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Eur Child Adolesc Psychiatry. 2015 Aug;24(8):959-68. doi: 10.1007/s00787-014-0645-5. Epub 2014 Nov 14.

Combined stimulant and antipsychotic treatment in adolescents with attention-deficit/hyperactivity disorder: a cross-sectional observational structural MRI study.

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Department of Psychiatry, University Medical Center Groningen, University of Groningen, Huispostcode CC10, 9700, VB, Groningen, The Netherlands,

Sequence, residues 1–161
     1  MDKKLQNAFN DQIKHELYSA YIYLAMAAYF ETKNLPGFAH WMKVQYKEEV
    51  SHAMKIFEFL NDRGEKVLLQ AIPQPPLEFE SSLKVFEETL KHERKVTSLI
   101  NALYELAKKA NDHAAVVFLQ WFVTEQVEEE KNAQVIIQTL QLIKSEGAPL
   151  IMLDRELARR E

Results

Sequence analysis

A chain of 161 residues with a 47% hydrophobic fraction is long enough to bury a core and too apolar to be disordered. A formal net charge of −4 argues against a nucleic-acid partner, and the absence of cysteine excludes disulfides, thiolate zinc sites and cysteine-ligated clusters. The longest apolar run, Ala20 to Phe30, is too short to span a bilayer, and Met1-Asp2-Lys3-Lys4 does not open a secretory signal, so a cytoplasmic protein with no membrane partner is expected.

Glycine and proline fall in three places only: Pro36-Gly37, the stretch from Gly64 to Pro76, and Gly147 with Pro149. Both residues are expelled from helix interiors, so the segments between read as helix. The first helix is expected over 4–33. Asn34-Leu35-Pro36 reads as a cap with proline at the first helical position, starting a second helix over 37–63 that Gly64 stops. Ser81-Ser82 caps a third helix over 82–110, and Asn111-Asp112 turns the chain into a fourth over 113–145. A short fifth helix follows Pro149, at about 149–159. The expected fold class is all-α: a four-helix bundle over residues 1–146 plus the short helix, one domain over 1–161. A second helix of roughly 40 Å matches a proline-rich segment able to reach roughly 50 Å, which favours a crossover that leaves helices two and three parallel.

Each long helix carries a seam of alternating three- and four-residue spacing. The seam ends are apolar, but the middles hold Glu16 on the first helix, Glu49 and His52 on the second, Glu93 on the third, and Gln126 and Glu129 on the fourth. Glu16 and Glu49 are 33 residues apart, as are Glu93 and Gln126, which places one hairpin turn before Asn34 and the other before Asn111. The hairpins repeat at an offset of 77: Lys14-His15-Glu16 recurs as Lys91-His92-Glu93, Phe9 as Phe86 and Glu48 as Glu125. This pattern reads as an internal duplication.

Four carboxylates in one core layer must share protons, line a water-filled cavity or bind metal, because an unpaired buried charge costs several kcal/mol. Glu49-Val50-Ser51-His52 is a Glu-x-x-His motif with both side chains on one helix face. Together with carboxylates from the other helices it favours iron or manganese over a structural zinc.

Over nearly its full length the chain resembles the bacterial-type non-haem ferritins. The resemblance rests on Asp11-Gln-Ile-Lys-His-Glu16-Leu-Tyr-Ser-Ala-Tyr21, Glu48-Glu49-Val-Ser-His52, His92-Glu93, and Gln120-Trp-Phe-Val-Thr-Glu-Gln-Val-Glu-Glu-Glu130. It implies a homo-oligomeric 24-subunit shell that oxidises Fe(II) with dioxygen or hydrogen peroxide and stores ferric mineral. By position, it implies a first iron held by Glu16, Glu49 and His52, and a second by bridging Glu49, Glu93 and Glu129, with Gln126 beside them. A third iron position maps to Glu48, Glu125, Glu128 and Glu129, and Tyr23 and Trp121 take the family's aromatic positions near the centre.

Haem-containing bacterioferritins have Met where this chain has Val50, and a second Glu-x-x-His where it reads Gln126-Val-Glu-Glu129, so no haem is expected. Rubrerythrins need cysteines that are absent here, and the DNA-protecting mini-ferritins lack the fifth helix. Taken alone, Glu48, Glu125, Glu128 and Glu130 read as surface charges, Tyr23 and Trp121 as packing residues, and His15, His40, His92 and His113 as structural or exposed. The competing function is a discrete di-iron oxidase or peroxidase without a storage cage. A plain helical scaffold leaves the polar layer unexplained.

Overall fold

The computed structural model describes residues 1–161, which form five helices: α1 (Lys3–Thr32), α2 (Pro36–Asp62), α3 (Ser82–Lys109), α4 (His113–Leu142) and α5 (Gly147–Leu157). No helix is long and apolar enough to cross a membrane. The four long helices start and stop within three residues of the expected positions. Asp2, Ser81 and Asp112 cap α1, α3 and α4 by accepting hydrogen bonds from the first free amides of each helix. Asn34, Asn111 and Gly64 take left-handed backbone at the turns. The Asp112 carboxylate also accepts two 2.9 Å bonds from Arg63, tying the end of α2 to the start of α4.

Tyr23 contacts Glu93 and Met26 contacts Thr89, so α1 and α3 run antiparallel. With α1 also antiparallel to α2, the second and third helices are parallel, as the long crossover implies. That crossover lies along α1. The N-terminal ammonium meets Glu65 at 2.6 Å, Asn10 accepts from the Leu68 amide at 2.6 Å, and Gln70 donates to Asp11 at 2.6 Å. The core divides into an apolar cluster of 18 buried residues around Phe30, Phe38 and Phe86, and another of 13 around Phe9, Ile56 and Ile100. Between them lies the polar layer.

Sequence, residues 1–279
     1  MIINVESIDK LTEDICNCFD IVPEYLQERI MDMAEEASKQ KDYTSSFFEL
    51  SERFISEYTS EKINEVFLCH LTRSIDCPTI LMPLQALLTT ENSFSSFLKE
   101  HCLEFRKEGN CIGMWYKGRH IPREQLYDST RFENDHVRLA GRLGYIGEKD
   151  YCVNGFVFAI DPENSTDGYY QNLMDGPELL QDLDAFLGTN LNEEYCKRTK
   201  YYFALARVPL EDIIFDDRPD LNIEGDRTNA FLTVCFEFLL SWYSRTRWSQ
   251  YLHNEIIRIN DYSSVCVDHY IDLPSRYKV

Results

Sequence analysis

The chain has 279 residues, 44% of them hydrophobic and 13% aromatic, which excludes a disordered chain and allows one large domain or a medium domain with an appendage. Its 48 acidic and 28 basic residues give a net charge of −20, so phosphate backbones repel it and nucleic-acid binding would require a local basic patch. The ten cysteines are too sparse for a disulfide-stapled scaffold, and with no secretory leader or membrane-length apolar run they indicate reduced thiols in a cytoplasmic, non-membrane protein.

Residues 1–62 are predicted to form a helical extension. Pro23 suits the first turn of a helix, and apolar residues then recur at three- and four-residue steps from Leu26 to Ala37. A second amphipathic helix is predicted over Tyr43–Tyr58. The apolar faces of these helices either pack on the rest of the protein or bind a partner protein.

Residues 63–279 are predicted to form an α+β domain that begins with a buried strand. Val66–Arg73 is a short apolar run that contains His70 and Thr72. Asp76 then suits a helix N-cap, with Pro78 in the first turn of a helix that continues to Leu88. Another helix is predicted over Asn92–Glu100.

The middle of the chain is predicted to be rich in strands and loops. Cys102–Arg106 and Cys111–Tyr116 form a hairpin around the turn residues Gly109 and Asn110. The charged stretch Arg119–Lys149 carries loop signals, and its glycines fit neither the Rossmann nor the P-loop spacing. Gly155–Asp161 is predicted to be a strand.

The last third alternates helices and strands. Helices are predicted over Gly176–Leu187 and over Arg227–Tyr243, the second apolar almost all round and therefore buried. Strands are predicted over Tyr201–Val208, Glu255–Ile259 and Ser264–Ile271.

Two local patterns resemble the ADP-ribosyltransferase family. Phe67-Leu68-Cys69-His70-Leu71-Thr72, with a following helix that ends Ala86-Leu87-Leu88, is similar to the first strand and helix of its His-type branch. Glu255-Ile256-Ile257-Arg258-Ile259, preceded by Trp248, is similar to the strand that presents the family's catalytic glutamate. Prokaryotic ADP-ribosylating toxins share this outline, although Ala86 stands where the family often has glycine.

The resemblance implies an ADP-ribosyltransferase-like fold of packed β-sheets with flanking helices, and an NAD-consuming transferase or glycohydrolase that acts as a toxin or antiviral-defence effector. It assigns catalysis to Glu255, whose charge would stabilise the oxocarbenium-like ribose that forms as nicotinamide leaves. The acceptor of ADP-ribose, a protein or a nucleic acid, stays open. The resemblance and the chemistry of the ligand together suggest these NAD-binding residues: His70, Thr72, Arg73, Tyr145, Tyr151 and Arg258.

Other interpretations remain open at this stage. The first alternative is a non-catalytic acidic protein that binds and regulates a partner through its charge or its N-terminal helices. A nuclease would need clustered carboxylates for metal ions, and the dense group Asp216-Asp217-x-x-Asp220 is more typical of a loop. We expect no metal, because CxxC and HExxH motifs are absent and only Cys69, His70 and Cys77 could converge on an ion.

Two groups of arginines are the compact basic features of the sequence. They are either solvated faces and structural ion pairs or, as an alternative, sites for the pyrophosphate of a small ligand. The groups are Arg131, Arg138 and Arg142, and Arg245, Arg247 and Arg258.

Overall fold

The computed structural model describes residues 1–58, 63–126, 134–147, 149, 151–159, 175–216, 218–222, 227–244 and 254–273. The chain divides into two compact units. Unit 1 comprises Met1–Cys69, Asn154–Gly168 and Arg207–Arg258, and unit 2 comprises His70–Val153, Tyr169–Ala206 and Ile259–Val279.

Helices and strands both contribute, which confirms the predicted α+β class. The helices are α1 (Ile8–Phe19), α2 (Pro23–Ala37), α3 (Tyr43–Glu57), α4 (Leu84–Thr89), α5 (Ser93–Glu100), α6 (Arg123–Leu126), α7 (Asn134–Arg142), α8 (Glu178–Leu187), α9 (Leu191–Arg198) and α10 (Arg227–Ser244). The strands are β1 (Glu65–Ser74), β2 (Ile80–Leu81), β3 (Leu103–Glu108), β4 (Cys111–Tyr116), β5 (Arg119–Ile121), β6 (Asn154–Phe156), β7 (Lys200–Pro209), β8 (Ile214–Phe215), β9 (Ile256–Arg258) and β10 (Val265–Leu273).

Meta-analyses suggest normalizing effects of methylphenidate on structural fronto-striatal abnormalities in patients with attention-deficit/hyperactivity disorder (ADHD). A subgroup of patients receives atypical antipsychotics concurrent with methylphenidate. Long-term safety and efficacy of combined treatment are unknown. The current study provides an initial investigation of structural brain correlates of combined methylphenidate and antipsychotic treatment in patients with ADHD. Structural magnetic resonance imaging was obtained in 31 patients who had received combined methylphenidate and antipsychotic treatment, 31 matched patients who had received methylphenidate but not antipsychotics, and 31 healthy controls (M age 16.7 years). We analyzed between-group effects in total cortical and subcortical volume, and in seven frontal cortical and eight subcortical-limbic volumes of interest, each involved in dopaminergic neurotransmission. Patients in the combined treatment group, but not those in the methylphenidate only group, showed a reduction in total cortical volume compared to healthy controls (Cohen's d = 0.69, p < 0.004), which was apparent in most frontal volumes of interest. Further, the combined treatment group, but not the methylphenidate group, showed volume reduction in bilateral ventral diencephalon (Left Cohen's d = 0.48, p < 0.04; Right Cohen's d = 0.46, p < 0.05) and the left thalamus (Cohen's d = 0.47, p < 0.04). These findings may indicate antipsychotic treatment counteracting the normalizing effects of methylphenidate on brain structure. However, it cannot be ruled out that pre-existing clinical differences between both patient groups may have resulted in anatomical differences at the time of scanning. The absence of an untreated ADHD group hinders unequivocal interpretation and implications of our findings.

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